Now what’s another way that these companies compete and another thing, that again, I think everybody knows, including yourself, your Honor, already know, which is that cell phone coverage is intensely local. Local – what do I mean by that? Well, here’s a press release. It talks—it’s from Sprint and it talks about Sprint tops the charts in Boston for fastest download speeds and most improved network. So each of these companies goes out of their way in specific global markets to increase their network and we all know that cell coverage varies by geography. You might have great coverage in your hometown; you travel to another part of the country and your network isn’t so good. This is because the Federal Communications Commission gives out the spectrum, the core technology that underlies a network, in small geographic regions. And each of the carriers then builds in their regions and so, the coverage varies. And they market differently in different areas, just like this press release is showing that Sprint tops the charts in Boston. Now, I’m certain that the defendants are going to come and say, "Well, that’s only one price, we have a national price." Well, that’s all well and good but is it the same price for products that are varying across the country and those are really different products because you’re paying a certain price with certain capacity in Boston whereas if you were on the Sprint network and you went to, I don’t know, San Diego—I’ll pick a place—you might get much less coverage. You may have the same price but you’re not getting the same product. And so, again, keep in mind cell coverage is local.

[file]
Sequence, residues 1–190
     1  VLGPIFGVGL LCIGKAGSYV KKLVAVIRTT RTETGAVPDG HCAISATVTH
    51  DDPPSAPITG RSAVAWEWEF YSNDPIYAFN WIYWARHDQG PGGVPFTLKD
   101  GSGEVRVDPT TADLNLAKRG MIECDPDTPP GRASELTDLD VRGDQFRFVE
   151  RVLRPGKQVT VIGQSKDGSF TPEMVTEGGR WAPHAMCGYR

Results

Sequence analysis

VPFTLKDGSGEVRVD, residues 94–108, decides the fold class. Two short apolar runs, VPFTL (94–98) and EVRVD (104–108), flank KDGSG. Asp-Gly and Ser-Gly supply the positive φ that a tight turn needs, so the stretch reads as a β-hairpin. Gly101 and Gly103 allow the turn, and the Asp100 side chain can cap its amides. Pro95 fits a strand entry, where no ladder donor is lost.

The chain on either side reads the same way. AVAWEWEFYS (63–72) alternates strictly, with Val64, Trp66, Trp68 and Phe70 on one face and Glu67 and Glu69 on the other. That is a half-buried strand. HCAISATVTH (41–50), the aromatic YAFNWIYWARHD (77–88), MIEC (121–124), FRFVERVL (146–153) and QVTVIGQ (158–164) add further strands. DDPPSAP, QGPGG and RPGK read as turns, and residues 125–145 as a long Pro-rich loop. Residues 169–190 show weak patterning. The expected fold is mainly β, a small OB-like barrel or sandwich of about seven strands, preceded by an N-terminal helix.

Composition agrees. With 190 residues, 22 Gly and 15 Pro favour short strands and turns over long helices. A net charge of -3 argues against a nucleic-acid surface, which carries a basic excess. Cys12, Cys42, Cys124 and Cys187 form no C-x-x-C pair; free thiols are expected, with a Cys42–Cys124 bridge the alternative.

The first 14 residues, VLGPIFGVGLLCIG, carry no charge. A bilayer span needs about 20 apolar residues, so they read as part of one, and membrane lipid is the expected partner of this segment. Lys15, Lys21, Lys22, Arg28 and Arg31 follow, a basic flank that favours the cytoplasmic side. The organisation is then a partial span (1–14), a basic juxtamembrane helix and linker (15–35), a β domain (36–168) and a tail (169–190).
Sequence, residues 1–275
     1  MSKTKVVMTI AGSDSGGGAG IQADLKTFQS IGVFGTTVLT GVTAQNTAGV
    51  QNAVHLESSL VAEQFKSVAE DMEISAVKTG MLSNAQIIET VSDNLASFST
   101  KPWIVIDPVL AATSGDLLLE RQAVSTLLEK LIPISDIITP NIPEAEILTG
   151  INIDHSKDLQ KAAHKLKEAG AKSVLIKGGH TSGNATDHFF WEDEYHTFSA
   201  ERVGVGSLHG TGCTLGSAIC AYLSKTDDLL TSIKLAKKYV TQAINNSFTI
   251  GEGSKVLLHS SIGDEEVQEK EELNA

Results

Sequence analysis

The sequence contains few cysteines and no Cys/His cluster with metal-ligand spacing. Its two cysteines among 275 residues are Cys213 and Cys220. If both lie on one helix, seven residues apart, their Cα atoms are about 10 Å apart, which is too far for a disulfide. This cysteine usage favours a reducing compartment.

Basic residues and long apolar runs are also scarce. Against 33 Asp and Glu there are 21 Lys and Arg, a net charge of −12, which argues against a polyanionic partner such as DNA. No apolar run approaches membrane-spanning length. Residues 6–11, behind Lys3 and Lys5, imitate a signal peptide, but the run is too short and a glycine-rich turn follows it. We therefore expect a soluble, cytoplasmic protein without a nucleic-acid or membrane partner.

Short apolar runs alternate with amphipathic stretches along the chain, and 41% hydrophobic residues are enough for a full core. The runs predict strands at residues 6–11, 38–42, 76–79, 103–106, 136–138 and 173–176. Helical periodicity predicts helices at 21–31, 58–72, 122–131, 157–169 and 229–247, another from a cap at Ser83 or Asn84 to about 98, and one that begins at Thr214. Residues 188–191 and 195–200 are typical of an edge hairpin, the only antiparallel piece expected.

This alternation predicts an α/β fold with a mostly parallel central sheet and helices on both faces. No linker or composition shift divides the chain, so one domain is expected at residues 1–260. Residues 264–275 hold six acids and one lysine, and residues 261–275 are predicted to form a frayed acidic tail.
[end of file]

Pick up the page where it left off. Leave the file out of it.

Now the other thing to pay attention to is what do T-Mobile’s executives—in particular, the executives and their Deutsche Telekom majority shareholders—say about this network proposal, say about this proposed merger, before they filed them? So I can tell you that every state when they propose a merger, when they—by the time they get to the regulators, they will say it will increase competition and it will lower prices and we will never, ever stop competing and this is going to be great for American consumers and all those—I’ve never heard an executive say that. Which is why when you look at the case law and you see that the focus is on what were the statements by the executives before the merger; before it was in the regulatory process to get approval? And here we have a document from Deutsche Telekom that just lays it out. What they are focusing on is what they call the Rule of 3, which is that they can get the network down to three competitors. If they can get the market to be only three, then we can reduce price competition. And you’ll see this in multiple documents, again and again, that when they were talking about before they proposed the merger is getting down to the Rule of 3 to reduce the price point.